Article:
LAPD official behind controversial data programs to retire after winning lucrative contract
The architect behind the Los Angeles Police Department’s widely hailed but controversial data-driven crime-fighting tools is leaving the agency next week to help expand similar programs in other cities.
Deputy Chief Sean Malinowski spent years pushing the LAPD to the forefront of how police agencies analyze data to target crime. His departure, though, comes amid the overhaul of a program he helped implement more than eight years ago to predict locations of property crimes after questions were raised about its effectiveness and whether black and Latino communities are unfairly targeted.
A 25-year veteran, Malinowski said he plans to work part time at the University of Chicago and run his own company, which won a $635,000 contract in March with the Baltimore Police Department.
Malinowski was one of a team of experts who helped the Chicago Police Department on crime issues. Under a $250-an-hour contract, Malinowski earned $223,750 between late 2016 and Feb. 9, 2018, in Chicago, the Chicago Sun-Times reported. LAPD policy doesn’t specify how much a person can earn with a second job; it does limit the work to 30 hours a week. Malinowski was quoted in a story in Chicago saying he had used all his “vacation time and days off” to do the work.
After reaching 25 years at the LAPD, he could not perform the outside work and still serve Los Angeles, he said in an interview. His last day is May 16, according to a disclosure filed at the city’s Ethics Commission.
“The LAPD has given me lots of opportunities,” said Malinowski, who spearheaded predictive technologies under former Chiefs William J. Bratton and Charlie Beck. “I’m interested in doing things in other cities. I believe in what I do.”
Last July, newly appointed Police Chief Michel Moore picked Malinowski, 54, to be the chief of detectives. He has also led the weekly Compstat meetings at which station captains are grilled by higher-ups about how to reduce crime. The department, he said, has a “deep bench” of leaders committed to using data to make Los Angeles safer.
Some of Malinowski’s earlier posts included commanding officer of the Special Olympics World Games in 2015 and leading the Foothill Division and Real-Time Analysis and Critical Response Division. The former Fulbright scholar holds a doctorate from the University of Illinois.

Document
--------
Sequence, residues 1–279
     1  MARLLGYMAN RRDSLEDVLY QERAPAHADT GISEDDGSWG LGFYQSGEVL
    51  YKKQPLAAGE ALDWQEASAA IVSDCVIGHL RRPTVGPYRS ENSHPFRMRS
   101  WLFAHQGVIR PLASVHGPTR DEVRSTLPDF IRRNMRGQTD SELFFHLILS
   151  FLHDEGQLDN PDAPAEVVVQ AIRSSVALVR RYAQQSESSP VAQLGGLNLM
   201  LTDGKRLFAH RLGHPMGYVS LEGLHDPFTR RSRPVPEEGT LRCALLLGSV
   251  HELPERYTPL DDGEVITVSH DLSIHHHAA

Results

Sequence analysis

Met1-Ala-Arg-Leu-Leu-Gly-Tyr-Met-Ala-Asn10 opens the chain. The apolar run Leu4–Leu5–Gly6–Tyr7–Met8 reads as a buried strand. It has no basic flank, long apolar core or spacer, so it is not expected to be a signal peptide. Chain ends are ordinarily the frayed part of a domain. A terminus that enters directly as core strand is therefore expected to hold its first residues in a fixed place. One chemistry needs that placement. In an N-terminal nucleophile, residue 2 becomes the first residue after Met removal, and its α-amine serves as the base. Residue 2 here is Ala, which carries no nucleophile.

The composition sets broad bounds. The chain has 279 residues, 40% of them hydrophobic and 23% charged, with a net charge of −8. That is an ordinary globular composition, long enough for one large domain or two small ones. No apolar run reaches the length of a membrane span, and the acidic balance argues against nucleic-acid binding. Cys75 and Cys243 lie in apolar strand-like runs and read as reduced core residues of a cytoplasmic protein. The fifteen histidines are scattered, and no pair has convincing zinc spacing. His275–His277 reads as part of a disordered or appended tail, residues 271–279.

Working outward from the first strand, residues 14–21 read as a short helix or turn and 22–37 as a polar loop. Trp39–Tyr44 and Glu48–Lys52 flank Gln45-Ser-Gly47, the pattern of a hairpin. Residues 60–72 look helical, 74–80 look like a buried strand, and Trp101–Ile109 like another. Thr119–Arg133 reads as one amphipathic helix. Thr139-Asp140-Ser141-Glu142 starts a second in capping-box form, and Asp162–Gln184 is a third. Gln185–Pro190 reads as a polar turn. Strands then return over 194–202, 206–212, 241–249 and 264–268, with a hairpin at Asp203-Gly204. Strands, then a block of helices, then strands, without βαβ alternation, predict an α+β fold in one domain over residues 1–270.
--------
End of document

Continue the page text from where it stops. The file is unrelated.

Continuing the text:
In recent years, he earned a reputation for teaching other cities how to decrease crime through data analysis. In 2017, he created a company called Strategic Focus to provide “strategic planning and technical assistance,” according to a filing with the California secretary of state’s office.
Police leaders in Chicago and Baltimore — both notorious for gun violence — sought his help to establish high-tech centers that allow police and civilian analysts to monitor gunshot detectors, surveillance cameras and use other data to determine where crimes occur.
His services in Baltimore include “daily, weekly and monthly crime briefings,” according to records. Five others will work for him in Baltimore, he said.
In a statement Monday, Chicago Police Department Supt. Eddie T. Johnson said the city faced “formidable public safety challenges” in 2016 when Malinowski was brought on. With the help of Malinowski and others, data-driven strategies have reduced crime and created “a culture of accountability for those who recklessly engage in gun violence,” he said.
Still, the Los Angeles Police Commission, the department’s civilian oversight panel, and dozens of UCLA academics raised concerns last month after a recent inspector general audit couldn’t determine whether the LAPD’s signature predictive policing program reduced crime.
The tool, called PredPol, examines 10 years of crime data and uses an algorithm to predict when and where crimes are most likely to occur, focusing police presence in hot spots.
In March, the inspector general found discrepancies with the data collection and could not “meaningfully evaluate” the program’s overall effectiveness to reduce crime, the report said. The inspector general also said the programs lacked oversight. Moore is expected to announce changes to the program in August.
Critics contend the program results in heavier policing of black and Latino communities. The department has said the algorithm does not consider race or gender in calculations.
Malinowski defended the program, saying that every person draws different conclusions from data and that decreasing rates of property crimes prove the program works. Through mid-April, citywide property crimes were down 8% compared with 2018 and down 10% from 2017, records show.
The department, Malinowski acknowledged, made missteps by not keeping the public informed.
“We should have had community meetings to explain what we’re doing in great depth,” he said from Chicago. “It’s not as scary as people think.”
Times researcher Cary Schneider and staff writer Cindy Chang contributed to this report.
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